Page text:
Walter Ricciardi, professor at Rome's Catholic University and also a member of the CTS, said it is now “urgent” for the new government “to immediately change the strategy to combat Sars-Cov-2”.
“Continuare a convivere col virus ci porterà ad uno stress continuo che lascia sia la salute sia l'economia in condizioni assolutamente disperate, dobbiamo abbracciare la strategia “No Covid” come la Germania e la Nuova Zelanda.”@WRicciardi a #TitoloV pic.twitter.com/QlmPHvfMzB
— Rai3 (@RaiTre) February 12, 2021
“It is clear that the strategy of coexistence with the virus, adopted so far, is ineffective and condemns us to instability, with a heavy number of deaths every day,” he told news agency Ansa.
Italy’s foundation for evidence-based medicine, GIMBE, welcomed the calls for stricter measures, with its head Nino Cartabellotta telling media on Monday that “a two-week total lockdown would bring the (contagion) curve down, enabling the resumption of track and trace”.
Without a lockdown, the “whole of 2021 will be a continuous stop and go” of imposing and easing restrictions, he said.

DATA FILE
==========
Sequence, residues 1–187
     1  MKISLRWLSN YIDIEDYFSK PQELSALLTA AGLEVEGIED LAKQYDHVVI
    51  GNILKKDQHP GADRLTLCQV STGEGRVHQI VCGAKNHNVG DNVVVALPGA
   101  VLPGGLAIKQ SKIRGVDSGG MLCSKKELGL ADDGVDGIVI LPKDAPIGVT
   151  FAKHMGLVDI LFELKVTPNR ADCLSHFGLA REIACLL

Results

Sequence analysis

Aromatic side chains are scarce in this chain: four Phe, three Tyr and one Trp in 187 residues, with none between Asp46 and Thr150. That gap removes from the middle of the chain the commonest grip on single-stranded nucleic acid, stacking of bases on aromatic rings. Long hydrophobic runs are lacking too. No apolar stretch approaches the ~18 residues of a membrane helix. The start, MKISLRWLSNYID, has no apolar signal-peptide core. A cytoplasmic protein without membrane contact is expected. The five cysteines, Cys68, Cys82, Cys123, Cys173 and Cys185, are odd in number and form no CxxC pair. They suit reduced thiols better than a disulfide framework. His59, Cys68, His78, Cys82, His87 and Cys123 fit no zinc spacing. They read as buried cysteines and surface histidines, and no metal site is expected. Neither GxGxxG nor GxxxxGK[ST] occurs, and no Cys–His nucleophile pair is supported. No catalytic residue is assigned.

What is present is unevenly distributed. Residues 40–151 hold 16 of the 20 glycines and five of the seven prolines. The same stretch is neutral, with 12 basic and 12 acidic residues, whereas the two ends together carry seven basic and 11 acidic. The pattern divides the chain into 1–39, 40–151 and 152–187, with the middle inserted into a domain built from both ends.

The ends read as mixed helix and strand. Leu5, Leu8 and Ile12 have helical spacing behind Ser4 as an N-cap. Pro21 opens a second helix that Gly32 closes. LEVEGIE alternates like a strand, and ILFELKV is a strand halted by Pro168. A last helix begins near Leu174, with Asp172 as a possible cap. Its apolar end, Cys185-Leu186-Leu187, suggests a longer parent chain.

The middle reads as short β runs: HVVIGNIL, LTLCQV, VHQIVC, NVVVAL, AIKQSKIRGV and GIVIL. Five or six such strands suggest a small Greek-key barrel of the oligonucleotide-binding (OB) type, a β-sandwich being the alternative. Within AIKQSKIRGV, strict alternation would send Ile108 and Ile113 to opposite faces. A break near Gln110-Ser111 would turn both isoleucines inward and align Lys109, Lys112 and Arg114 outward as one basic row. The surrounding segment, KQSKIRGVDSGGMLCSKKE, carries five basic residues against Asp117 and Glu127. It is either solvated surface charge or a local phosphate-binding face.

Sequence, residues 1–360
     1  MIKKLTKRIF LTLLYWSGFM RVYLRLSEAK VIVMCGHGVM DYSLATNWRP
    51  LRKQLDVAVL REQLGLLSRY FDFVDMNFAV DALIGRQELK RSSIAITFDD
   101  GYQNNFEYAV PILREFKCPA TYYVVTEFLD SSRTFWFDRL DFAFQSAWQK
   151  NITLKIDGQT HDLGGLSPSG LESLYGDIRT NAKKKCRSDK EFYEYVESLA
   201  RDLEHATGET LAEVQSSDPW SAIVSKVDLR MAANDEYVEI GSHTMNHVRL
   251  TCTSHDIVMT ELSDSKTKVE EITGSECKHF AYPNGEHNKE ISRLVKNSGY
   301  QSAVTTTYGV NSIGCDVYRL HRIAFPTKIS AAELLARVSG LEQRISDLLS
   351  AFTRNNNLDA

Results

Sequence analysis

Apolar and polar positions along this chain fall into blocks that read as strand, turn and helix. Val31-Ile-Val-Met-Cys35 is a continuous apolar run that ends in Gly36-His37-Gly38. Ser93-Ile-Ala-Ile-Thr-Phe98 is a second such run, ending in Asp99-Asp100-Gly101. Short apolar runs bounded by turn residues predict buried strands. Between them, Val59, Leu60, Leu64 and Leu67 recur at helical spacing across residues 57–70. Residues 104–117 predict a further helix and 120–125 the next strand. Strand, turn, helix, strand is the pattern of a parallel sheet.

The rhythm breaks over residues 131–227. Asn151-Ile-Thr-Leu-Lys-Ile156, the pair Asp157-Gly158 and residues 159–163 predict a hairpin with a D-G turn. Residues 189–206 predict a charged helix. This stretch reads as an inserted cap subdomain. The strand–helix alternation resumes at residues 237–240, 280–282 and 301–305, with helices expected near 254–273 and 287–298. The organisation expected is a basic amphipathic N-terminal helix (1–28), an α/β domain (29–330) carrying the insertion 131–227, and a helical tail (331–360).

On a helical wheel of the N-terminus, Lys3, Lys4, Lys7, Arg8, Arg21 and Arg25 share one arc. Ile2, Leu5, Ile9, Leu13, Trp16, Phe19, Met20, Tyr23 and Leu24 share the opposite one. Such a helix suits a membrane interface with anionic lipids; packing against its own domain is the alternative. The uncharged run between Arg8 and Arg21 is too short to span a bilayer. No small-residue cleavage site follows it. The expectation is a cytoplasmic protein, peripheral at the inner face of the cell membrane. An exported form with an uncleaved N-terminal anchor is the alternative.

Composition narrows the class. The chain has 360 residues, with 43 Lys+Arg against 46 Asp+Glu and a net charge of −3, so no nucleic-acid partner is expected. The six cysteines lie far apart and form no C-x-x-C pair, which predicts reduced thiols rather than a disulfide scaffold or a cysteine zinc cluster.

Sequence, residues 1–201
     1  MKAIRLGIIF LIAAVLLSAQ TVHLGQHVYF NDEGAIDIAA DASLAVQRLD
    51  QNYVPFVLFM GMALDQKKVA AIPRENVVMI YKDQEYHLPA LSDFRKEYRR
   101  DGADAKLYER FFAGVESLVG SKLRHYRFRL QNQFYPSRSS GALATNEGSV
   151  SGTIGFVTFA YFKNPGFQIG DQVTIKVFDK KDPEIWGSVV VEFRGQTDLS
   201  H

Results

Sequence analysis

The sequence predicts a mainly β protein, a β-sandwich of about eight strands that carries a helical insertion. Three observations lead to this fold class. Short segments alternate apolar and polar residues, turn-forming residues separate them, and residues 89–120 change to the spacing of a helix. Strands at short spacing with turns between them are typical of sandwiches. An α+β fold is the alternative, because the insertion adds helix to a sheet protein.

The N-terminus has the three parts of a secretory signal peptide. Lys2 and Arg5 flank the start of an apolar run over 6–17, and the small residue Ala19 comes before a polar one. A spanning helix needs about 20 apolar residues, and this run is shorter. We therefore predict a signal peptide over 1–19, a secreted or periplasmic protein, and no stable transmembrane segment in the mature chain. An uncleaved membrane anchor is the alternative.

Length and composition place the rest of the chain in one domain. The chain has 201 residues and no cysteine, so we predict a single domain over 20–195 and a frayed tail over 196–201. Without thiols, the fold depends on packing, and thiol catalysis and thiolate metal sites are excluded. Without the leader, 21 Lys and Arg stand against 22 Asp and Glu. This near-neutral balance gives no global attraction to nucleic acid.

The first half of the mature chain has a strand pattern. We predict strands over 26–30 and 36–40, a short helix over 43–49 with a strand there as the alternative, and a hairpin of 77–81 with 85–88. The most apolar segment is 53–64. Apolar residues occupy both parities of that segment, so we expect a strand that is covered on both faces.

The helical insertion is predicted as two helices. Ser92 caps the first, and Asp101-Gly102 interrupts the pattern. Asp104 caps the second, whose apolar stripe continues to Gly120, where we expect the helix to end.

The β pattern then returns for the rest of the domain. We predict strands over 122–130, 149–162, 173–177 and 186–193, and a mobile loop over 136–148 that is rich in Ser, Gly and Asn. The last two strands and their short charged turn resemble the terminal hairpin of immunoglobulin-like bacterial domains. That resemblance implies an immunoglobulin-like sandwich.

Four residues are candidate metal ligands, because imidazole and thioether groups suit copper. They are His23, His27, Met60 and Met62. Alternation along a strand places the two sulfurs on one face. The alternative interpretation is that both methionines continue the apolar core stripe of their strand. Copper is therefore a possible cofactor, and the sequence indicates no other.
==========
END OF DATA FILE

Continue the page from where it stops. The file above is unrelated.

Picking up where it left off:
Some politicians reacted angrily to the calls for stricter measures, with League leader Matteo Salvini blasting “experts who sow fear”.
In recent weeks many towns and provinces have been declaring their own local lockdowns or red zones in response to spikes in infection rates.
The CTS, which advises on – but does not decide – the rules, did not specify any particular measures to be implemented but called for reinforced restrictions to “contain and slow” the spread of variants.
The sudden about-turn was down to rising concerns about the spread of new coronavirus variants, according to the health ministry.